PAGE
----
What is more environmental friendly: Match-sticks or lighters?

What is more environmental friendly: Match-sticks or lighters?

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We’ve all been there. You need to light a candle, a cigarette, or you’re camping and you want to start a fire. So, you ask someone for a light and they hand you this:

  • A lighter.
  • A match stick is no less.

You thank them and try to light your object of choice. You flick and flick. The friction of the spark wheel leaves a stinging imprint on your thumb. This must be a bad first date, because there’s no spark! You question your intelligence. Are you that dumb that you can’t light a simple lighter?

You’re not. It’s not you, it’s the lighter. And matches are better than lighters.

Is it environmentally better to use safety matches or a fuel-filled lighter to start a fire while camping?

It might seem obvious that using a single paper or wooden match beats carrying a plastic container filled with fossil fuel. But there’s another relevant question: How many matches would it take to get the flames going? A trace of butane lighter fuel might be a more efficient tool.

If you go by the actual materials involved, cardboard matches are the best because they use a renewable material as the fuel rather than fossil fuels.

The problem is the real environmental impact depends on the process for producing and shipping the materials. Even if using a match doesn’t use any petroleum products, the factory producing them and trucks shipping them certainly do.

Well with refillable lighters you also have to take into account that if it’s going to be used more than once it’s going to require purchase of a separate product that will also result in waste. I’m leaning towards the matches on this one. My complete off-the-wall guess is that a lighter is much more inefficient regarding the amount of energy used to make it and use it compared to matches (with matches also having the added benefit of being made from a renewable resource).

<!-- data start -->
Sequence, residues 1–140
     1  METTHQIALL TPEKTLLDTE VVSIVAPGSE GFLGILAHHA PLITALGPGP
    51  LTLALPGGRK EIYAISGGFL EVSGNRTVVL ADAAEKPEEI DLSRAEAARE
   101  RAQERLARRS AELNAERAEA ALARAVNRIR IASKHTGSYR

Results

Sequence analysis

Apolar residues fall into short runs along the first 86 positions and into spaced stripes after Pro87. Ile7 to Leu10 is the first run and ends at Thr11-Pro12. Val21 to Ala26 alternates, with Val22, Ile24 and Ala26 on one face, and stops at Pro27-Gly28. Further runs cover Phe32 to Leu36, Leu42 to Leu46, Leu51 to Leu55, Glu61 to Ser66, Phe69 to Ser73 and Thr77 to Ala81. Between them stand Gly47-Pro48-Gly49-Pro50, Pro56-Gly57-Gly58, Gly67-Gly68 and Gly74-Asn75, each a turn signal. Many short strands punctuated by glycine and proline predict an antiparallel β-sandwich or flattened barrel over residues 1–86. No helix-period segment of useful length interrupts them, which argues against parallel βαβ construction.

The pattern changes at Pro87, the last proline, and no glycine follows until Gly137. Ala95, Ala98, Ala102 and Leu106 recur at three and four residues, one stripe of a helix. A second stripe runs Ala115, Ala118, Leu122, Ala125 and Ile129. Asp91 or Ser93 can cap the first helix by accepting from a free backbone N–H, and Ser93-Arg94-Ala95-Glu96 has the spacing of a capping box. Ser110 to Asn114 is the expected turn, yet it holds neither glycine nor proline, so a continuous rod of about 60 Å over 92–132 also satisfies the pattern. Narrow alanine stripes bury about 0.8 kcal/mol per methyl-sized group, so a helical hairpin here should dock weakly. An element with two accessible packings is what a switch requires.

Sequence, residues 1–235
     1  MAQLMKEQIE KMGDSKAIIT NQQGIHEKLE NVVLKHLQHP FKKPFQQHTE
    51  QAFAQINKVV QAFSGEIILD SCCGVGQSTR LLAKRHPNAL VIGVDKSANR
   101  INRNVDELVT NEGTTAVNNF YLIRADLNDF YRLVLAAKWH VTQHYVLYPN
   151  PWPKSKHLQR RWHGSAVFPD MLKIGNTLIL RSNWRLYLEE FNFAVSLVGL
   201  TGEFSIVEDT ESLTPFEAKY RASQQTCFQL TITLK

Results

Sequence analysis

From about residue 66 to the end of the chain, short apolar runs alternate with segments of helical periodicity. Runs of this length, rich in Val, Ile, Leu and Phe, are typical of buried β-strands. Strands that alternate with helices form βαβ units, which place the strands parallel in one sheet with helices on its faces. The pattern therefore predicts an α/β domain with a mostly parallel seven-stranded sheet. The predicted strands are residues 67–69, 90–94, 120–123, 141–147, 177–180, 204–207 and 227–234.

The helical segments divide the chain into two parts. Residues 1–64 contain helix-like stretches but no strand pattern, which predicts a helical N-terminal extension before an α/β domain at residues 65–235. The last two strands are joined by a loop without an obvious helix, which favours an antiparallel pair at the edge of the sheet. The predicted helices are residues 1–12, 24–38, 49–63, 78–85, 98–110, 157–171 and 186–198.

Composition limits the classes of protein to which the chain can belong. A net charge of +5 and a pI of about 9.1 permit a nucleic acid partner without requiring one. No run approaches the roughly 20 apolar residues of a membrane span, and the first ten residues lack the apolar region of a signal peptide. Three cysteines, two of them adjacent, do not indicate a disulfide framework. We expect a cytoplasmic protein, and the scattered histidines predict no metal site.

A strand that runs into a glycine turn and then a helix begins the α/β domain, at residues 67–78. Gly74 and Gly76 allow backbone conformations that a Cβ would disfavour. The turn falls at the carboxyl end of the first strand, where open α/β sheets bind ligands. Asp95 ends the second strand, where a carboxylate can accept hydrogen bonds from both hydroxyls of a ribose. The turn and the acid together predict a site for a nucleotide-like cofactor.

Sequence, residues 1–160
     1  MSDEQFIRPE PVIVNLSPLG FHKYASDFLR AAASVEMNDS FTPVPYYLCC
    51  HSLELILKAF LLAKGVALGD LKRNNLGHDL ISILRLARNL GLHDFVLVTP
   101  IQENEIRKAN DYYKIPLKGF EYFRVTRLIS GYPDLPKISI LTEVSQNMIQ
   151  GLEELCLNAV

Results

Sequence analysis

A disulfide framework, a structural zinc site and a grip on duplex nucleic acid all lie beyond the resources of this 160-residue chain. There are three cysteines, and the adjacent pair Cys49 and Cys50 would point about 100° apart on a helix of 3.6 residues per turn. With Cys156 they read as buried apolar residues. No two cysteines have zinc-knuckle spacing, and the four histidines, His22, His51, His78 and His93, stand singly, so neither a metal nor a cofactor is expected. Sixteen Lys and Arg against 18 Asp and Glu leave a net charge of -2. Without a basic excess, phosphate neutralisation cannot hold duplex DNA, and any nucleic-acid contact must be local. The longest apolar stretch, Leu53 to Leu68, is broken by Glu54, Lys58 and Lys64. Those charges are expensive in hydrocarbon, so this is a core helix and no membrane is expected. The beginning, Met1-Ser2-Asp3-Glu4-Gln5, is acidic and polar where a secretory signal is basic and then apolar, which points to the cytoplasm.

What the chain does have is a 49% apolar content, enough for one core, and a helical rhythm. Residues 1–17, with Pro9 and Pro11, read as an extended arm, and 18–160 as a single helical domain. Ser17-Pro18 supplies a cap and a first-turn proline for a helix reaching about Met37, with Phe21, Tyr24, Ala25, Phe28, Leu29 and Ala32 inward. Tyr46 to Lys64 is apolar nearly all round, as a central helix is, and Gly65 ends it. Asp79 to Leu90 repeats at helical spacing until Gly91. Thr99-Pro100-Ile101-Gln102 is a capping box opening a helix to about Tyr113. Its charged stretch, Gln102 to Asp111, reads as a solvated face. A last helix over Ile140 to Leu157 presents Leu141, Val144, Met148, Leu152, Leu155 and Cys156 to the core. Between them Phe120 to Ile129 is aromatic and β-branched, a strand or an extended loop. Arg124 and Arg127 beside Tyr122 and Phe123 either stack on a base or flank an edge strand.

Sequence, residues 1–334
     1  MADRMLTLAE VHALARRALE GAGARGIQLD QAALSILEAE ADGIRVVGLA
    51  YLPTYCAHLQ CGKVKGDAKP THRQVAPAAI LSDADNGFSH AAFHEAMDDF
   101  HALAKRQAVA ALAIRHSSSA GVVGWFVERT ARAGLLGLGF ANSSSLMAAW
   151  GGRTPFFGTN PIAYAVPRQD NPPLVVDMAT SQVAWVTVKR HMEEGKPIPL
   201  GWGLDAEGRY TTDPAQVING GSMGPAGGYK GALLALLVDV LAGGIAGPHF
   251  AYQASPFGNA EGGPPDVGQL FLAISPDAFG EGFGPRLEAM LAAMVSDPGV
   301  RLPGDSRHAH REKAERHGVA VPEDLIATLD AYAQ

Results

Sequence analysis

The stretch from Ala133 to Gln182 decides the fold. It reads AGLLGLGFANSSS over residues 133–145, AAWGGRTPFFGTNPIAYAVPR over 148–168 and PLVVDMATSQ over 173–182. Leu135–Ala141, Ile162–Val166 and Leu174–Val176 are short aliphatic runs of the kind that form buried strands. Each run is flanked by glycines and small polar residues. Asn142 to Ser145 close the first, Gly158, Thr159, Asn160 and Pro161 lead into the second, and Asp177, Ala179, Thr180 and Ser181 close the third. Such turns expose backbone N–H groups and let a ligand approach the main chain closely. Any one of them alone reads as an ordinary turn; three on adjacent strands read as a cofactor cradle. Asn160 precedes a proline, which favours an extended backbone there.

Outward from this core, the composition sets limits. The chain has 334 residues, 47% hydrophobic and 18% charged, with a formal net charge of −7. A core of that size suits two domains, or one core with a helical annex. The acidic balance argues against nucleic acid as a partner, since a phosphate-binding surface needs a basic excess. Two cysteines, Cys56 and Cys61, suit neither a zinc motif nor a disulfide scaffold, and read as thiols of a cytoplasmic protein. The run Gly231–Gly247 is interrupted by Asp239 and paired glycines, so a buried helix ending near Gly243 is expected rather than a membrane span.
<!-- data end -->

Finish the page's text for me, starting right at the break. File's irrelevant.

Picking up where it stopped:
And there are other factors to consider. How many trees were cut to make a commercial batch of paper or wooden matchsticks? Were the trees replanted after harvesting? Where and how were the phosphorus and other chemicals in the match head obtained? How were the matches transported to the point of sale?

On the other side of the scale, is the lighter disposable or refillable? Where did its plastic or metal come from, not to mention the carbon wick?

It’s enough to make a philosophical camper turn back to matchless methods of fire starting, like using flint and steel to make sparks, or a magnifying glass that focuses the sun’s rays on dry grass, or a bow-driven friction drill to light tinder, then kindling and then wood.

Lighters are Easy to Lose

People are constantly misplacing their lighters. They’re so easy to forget! They’re tiny and plastic, perfect for slipping out of your pocket, getting buried in a drawer, or your friend simply stealing it after lighting a joint and hoping you won’t notice (you haven’t). Matches come in a nice paper case that’s easy to write your name or number on. Your move, Lighters.

You Get Multiple Matches in a Match Box

And only one lighter with a lighter.

Matchbox Twenty Was a Band

They had that great song 3AM, which you just learned is not a love song, but about Rob Thomas’ mom who had cancer. Light a match for Rob Thomas’ mom! Also how many bands can you name that start with, “Lighter”? According to Spotify: none.

Matches Never Run Out of Fluid

And lighters do constantly.

Lighting a Cigarette with a Match requires you to be ‘pro’

Anyone can light a cigarette with a lighter. It takes skill, poise, and talent to light a cigarette with a match.

Lighting a Candle with a Match is Easier

They even have matches that are super long so you can get right in there, unlike lighters that cover you hand in soot.

No One Uses Lighters at Concerts Anymore

Been to a concert lately? I have. Everyone holds up their lit cellphone screens not lit lighters, which is so much less of a fire hazard.

The impact of either has got to be so insignificant as to not matter. Imagine the amount of lighter fluid you burn over the course of one lighter’s lifetime; there’s what, maybe 50mL of butane, and it takes you a few weeks or months to go through it (assuming regular use) — meanwhile you fill up your car with 50L of petroleum, one thousand times as much, in the same amount of time.

In that sense I would go with matches purely because they tend to be wood or cardboard, rather than plastic, and will therefore decompose in landfill instead of hanging around for 500 years. But don’t make a big deal out of it. Pick your battles, and all that.

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Rava Desk

Rava is an online news portal providing recent news, editorials, opinions and advice on day to day happenings in Pakistan.

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